What kind of environment should be tolerated on America’s college campuses? Recent high-profile student protests at several schools allege bigotry and intolerance based on words. Free speech is in play. But there is a stark difference between perceived bias and real discrimination.
Factoring in the “urgency” created by 24-hour news coverage, the recent spate of student protests and, in a couple of cases, the ouster of two university presidents and a chancellor, belies the fact that there is an all-too-real civil rights threat on the rise on college campuses.
Organized, coordinated campaigns involving outside groups, some students and even some faculty have fueled a toxic campus environment in which Jews and Christians have been blamed for global and social policy. Ostensibly motivated by geo-political issues involving Israel and the Middle East for the former, and institutionalized bias against traditional expressions of faith for the latter, the efforts have made actual violence and physical harassment a reality in hundreds of unreported or underreported cases in the past decade. These incidents are increasing in frequency.
In short, Jews and Christians are targets at American universities.
This is a far cry from the angry complaints about “marginalized student groups” covered widely in current media. While we must always be on guard against institutionalized racism that may violate protected personal liberty, the new popular culture glorifies outcry for its own sake. It’s trendy to be offended by words. Hurt feelings justify lashing out. Concern with what others say, or think, turns quickly to protest, amplified through the megaphone of contemporary “victimization.”
Contrast this with actual malice – real violence, harassment, and acts that recall the horrors of past atrocities and are occurring with startling regularity on the university campuses we have believed were safe harbors for expression and dissension. These are the trends that should cause legal advocates across the ideological spectrum to take notice. They are violations of constitutional civil liberties.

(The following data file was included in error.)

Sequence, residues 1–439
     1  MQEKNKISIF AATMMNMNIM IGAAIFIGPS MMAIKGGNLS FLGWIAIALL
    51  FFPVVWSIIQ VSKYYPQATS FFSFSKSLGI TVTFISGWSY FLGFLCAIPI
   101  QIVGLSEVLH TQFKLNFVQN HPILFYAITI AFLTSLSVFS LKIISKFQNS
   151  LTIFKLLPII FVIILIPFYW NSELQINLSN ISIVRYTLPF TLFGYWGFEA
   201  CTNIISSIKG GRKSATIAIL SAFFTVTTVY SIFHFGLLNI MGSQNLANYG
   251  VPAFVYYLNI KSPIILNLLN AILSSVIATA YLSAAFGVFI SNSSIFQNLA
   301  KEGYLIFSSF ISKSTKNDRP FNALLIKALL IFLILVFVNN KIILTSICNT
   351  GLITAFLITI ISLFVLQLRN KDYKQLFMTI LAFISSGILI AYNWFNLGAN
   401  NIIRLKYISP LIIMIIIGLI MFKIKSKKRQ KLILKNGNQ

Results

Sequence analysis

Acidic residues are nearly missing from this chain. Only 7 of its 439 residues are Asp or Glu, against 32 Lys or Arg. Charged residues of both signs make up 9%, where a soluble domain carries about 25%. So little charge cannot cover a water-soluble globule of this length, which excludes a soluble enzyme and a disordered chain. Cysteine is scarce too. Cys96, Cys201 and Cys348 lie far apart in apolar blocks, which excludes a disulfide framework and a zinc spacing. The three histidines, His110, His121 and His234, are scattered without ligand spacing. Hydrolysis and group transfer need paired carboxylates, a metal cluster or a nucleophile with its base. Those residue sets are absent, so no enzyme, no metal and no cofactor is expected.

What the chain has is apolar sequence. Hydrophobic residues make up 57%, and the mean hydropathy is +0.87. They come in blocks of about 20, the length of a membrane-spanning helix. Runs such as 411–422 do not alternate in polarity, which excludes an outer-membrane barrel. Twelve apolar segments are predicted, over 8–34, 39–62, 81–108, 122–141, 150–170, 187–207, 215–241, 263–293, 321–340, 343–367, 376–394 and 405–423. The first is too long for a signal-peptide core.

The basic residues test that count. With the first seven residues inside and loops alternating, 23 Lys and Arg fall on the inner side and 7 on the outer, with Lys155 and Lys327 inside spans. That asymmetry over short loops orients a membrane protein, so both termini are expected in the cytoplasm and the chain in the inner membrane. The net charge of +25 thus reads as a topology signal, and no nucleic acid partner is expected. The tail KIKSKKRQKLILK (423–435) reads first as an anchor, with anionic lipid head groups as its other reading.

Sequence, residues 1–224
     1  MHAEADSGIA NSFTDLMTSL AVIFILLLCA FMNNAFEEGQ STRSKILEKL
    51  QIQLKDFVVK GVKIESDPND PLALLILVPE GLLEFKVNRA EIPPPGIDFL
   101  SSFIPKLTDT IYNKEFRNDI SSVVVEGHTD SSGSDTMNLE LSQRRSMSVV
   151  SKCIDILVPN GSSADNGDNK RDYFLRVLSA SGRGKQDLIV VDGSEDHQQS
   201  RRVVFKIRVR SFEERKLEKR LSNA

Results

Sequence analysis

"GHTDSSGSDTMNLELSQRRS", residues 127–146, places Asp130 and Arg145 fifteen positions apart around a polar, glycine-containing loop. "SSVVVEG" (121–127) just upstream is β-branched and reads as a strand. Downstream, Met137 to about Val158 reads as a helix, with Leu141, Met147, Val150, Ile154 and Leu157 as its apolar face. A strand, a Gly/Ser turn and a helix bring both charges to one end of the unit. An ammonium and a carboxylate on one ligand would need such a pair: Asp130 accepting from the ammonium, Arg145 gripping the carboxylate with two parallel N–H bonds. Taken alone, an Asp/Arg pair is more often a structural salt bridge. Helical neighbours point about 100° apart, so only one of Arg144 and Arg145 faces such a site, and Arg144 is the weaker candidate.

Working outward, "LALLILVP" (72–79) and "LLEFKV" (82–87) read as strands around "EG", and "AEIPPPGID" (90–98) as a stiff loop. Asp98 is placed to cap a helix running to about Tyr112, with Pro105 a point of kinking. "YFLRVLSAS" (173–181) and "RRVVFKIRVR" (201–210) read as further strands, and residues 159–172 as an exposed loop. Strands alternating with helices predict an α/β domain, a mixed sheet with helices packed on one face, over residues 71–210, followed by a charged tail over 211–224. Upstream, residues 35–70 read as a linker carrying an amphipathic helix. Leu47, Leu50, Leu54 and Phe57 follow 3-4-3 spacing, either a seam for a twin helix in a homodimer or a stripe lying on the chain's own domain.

Over the past decade, college campuses have experienced a rising tide of anti-Semitism, including violent attacks and threatening behavior against Jewish students. In many cases, the acts have come as a result of student-on-student violence fed by the heated rhetoric of pro-Palestinian and Islamist organizations actively pursuing political agendas on campuses, with Jewish students and Israel regularly compared to Nazis.
Likewise, Christians on college campuses have increasingly become the focus of overt, hostile behavior by some academics and various student organizations supported by national (and international) sources. Instances of targeting have become commonplace on many large American campuses.
Recent Supreme Court decisions granting more latitude for colleges to police Christian student groups led Supreme Court Justice Samuel Alito to warn in a minority opinion that wider police powers over beliefs unique to Christians on college campuses will become a “weapon” used against Christian organizations and students. Christian Legal Society v. Martinez, 561 U.S. 661 (2010).
Compounding the situation, many prominent universities have failed to adequately enforce legal policies designed to protect students against religious and ethnic harassment. A number of universities have no policy at all, according to Freedom of Information Act (FOIA) responses received by our office.
Further, the current U.S. Department of Education has failed to vigorously enforce civil rights anti-harassment laws involving colleges and universities that receive federal funding, allowing a dangerous atmosphere of mistrust, hate and violence to fester against Jewish and Christian students on many campuses. Despite clear prohibitions against various forms of discrimination under Title IV of the 1964 Civil Rights Act, the lack of investigation and, where necessary, enforcement against institutions receiving federal funding is startling.
To be sure, the natural tension between the limits of free speech and the protection of civil liberties against real discrimination creates a balancing act under the Constitution. To weigh too far in one direction risks destroying the other.
But the difference between hurt feelings and emotional offense and the increasingly violent targeting of specific religious and ethnic groups and individuals on college campuses is the difference between trendy policy and the law. It is the law that is supposed to protect.